The Resiliency Workout

Building resilience is no different from building fitness. You have to work at it regularly for the most improvement. What follows is a two-week program that features 14 different exercises for increasing resilience. Some are as simple as looking in the mirror, while others will take a great deal of self-control and willpower. Some are fun, like laughing more, while others might sting a little, because they force you to confront life and your role in it.

Overall, it’s a novel type of “personal training” that we think will benefit you and that you’ll enjoy. One final tip: Keep the program next to the coffeepot or in your bathroom so you’ll be reminded to “work out” every day. Now, let’s get started.

1. LAUGH AT LEAST FIVE TIMES TODAY.

Humor and resilience are actually quite similar. After all, what is humor but the ability to make light of real life? Laughter keeps you optimistic, helps you cope, reduces stress, and reminds you of what’s important. If you don’t have a sense of humor, it’s time to work on one. Start with the professionals: Add more funny movies to your Netflix queue, or start listening to humorous books-on-tape during your commute. Be less stern and more playful with your family. Have animated conversations about unimportant things with friends. Learn the art of the gentle tease — and be open to teasing in return. Come bedtime, look back on your day, and think about whether you laughed enough — and then vow to laugh more tomorrow. Just one warning: Avoid sarcasm, mockery, and any other forms of humor that degrade or hurt others. Humor, when twisted improperly, can be more bitter than sweet.

2. IDENTIFY ONE POSITIVE THING IN A NEGATIVE SITUATION.

We’re not recommending you become a “lemonade-out-of-lemons” kind of woman, but no matter how bleak a situation is, there’s always something positive to be found. Today, when a challenging situation emerges, your task is to find it. We know a couple whose house burned down on Christmas Eve, just two days after they’d moved in, when the husband tried to light a fire in the fireplace. They lost everything they had accumulated over their 40-year marriage. But they still had each other. And, they told us, starting over was kind of fun.

3.  BUDGET 20 PERCENT MORE TIME FOR EVERYTHING.

If you expect everything to go perfectly, you’re setting yourself up for continual disappointment. Plan for road construction, flight delays, and missed deadlines by building 20 percent more time into everything on today’s schedule. You’ll quickly find that saving frustration is even more important than saving time.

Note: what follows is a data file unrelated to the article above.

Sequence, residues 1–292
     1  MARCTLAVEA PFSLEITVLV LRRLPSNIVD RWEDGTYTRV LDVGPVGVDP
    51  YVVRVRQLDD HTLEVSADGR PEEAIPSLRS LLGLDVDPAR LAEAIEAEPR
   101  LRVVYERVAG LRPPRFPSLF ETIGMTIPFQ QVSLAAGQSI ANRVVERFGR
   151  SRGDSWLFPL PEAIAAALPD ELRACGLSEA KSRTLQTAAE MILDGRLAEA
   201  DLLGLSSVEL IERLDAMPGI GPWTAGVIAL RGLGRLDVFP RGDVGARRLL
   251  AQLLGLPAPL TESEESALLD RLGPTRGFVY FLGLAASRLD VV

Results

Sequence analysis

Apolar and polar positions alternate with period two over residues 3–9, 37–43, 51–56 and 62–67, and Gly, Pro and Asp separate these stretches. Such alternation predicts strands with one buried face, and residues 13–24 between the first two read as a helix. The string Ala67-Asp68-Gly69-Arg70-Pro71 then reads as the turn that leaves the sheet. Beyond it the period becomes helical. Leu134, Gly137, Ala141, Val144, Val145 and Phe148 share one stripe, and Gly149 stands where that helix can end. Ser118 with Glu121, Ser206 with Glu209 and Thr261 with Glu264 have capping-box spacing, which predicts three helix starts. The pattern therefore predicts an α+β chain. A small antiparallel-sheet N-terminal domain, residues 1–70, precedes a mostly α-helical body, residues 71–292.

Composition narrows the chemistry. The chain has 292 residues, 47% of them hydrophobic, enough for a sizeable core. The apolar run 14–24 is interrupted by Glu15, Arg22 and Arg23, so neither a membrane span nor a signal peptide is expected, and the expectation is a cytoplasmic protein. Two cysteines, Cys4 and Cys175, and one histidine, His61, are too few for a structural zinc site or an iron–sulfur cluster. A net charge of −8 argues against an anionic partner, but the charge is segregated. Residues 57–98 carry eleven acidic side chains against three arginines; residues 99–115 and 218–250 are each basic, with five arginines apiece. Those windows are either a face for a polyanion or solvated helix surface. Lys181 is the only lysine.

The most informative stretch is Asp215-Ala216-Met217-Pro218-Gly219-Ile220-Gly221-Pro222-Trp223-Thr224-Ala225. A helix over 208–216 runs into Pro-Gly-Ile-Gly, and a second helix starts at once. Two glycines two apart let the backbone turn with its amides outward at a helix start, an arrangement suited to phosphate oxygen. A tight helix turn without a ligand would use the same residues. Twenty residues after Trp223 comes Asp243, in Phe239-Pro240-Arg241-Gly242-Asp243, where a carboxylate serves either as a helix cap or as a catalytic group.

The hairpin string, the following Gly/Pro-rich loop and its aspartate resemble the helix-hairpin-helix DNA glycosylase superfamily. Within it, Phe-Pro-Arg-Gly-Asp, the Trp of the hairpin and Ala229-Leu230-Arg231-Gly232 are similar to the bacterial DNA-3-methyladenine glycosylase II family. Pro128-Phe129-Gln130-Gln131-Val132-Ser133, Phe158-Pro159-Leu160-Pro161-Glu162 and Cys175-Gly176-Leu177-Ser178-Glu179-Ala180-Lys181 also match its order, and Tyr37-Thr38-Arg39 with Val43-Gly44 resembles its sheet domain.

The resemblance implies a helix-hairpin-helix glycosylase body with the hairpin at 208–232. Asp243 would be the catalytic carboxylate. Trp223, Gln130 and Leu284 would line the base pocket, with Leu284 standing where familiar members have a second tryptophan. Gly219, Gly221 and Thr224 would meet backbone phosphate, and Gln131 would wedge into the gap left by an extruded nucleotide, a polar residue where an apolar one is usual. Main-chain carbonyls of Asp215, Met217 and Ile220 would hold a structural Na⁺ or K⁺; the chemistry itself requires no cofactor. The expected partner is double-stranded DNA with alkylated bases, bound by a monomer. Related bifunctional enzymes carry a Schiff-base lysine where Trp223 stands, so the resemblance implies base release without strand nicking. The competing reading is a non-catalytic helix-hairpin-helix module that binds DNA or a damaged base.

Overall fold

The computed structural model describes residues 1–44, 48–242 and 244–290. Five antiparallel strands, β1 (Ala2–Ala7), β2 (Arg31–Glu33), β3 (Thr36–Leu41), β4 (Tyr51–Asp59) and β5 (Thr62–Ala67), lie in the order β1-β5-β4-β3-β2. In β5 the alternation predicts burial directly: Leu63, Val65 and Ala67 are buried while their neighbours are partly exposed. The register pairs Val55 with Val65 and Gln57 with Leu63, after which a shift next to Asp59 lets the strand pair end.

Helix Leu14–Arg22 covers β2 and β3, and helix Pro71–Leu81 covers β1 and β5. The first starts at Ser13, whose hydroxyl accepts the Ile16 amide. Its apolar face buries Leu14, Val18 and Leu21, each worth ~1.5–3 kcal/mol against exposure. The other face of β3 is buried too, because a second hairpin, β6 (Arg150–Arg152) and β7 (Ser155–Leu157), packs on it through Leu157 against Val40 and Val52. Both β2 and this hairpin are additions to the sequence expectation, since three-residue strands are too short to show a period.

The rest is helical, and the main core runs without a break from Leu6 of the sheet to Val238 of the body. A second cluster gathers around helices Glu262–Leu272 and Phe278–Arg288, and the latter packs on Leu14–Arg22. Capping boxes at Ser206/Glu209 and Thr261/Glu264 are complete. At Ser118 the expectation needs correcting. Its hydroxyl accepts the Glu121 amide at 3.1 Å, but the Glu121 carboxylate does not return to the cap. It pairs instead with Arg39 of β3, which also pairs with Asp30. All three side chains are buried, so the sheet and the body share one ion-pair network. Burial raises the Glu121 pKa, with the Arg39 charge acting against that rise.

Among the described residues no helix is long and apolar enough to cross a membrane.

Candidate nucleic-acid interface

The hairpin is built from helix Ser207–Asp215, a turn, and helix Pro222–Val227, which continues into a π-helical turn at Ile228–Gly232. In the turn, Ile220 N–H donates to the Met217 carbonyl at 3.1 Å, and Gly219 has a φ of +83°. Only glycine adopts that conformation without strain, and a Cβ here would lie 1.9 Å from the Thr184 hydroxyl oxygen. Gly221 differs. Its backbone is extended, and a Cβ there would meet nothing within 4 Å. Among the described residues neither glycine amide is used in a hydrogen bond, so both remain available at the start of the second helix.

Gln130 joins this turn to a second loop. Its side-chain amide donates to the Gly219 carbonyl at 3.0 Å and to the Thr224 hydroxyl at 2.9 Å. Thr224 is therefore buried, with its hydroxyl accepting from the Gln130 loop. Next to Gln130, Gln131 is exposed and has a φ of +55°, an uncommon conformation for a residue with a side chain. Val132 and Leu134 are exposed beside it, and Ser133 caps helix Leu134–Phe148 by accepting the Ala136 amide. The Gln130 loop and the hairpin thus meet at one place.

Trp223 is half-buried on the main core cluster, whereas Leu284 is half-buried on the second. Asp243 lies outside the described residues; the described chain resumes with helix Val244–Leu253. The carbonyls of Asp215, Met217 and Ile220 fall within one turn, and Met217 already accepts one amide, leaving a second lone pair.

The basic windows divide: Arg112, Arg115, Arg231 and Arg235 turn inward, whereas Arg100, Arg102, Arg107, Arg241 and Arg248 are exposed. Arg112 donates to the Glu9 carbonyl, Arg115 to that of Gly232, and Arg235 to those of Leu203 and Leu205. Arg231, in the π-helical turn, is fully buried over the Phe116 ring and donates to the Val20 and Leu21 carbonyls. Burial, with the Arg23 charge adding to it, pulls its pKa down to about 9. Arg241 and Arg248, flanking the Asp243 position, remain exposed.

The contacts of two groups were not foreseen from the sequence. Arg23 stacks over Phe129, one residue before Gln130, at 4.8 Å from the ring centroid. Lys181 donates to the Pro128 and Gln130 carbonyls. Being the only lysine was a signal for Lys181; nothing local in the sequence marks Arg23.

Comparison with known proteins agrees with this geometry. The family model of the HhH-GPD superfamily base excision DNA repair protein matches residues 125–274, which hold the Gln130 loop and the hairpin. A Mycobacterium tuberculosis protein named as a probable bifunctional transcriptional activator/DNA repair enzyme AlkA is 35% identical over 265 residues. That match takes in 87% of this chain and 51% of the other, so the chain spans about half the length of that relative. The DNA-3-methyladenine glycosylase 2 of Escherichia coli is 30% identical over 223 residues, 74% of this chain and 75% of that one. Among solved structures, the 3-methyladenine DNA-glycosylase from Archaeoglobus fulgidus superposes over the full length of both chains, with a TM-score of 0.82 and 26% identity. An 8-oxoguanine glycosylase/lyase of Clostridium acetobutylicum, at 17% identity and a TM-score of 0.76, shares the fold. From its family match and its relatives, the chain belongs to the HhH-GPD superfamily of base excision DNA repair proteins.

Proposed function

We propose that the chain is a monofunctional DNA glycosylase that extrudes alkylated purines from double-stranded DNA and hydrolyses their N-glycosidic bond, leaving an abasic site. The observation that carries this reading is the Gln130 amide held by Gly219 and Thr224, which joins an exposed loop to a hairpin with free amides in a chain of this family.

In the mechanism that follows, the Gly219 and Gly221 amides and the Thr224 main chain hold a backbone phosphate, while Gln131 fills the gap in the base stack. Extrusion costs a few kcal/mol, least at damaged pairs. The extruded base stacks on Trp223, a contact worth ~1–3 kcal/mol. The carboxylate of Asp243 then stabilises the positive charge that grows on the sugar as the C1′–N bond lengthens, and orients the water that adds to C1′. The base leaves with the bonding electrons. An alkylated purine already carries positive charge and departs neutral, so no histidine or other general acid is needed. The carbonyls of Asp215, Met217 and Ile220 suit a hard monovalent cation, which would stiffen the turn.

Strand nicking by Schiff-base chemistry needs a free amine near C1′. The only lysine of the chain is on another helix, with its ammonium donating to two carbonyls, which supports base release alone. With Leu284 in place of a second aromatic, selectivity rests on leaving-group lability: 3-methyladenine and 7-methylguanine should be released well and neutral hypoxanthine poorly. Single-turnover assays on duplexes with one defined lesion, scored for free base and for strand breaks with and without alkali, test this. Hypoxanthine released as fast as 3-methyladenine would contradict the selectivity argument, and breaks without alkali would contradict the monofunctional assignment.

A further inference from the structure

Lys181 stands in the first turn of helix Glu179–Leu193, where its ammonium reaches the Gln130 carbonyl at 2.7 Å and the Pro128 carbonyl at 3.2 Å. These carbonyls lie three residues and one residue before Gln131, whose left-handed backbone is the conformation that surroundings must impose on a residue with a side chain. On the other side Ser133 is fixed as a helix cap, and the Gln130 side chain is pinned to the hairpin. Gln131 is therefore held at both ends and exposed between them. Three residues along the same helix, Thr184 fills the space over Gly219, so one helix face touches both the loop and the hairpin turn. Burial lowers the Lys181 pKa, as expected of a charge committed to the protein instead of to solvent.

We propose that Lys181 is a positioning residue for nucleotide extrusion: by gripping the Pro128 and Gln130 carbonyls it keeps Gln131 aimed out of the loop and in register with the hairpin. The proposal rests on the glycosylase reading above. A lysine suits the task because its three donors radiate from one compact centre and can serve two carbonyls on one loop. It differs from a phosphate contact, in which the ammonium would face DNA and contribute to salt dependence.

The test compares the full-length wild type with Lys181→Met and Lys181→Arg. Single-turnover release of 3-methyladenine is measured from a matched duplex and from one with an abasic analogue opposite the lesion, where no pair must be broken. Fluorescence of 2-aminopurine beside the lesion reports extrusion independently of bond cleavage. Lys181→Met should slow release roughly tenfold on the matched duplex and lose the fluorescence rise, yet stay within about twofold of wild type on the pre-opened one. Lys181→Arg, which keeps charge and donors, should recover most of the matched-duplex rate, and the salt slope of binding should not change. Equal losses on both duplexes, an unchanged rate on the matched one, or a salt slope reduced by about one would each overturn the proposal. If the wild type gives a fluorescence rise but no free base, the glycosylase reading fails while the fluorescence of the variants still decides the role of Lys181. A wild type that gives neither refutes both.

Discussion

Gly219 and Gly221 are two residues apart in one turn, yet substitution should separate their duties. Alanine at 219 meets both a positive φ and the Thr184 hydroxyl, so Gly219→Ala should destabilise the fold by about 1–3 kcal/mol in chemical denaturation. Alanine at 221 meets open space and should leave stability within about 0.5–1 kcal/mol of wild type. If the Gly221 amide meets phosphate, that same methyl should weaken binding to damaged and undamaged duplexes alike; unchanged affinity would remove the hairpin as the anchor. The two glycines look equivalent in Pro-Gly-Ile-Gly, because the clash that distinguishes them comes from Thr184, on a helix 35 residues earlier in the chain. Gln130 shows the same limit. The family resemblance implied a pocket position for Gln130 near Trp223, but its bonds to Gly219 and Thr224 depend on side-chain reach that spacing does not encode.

4.  LIST SEVEN PERSONAL STRENGTHS.

This could be anything from your ability to interact with anyone at any time, to your talent for baking. It doesn’t matter if you keep the list in your head, or on your smart phone. Just don’t make it entirely on your own; ask people who know you well for their advice. Knowing your strengths — becoming aware of your strengths — is like putting money into the resilience bank. When it’s time for a withdrawal, you’ll know how much you have to use.

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5.  CHANGE THREE THINGS ABOUT YOUR ROUTINE.

“With age, we move in tinier and tinier circles,” says Professor Davey. We become so entrenched in our routines that we no longer even notice them. Then, when something happens to change that routine, we lack the flexibility to cope with it. To prevent this from happening to him, he changes one thing about his routine every day. He might brush his teeth with his left hand, take a different route while riding his bike to work, or sleep in a different bedroom in his house. It sounds trivial, but it isn’t. Being open to change, and handling it well when it occurs is a fundamental part of resilience that takes practice to maintain.

6. PICK SOMETHING THAT’S WORRYING YOU, THEN LOOK IN THE MIRROR.

This exercise teaches you to compare yourself only to yourself. Just because Mary in accounts receivable got laid off this week doesn’t mean you’ll be downsized next. And just because Sandy’s husband is cheating on her doesn’t mean you need to start checking up on yours. Mary and Sandy are very different women in very different situations. Don’t believe us? Just look in the mirror. Focus on your situation in the context of your life, not that of anyone else around you.

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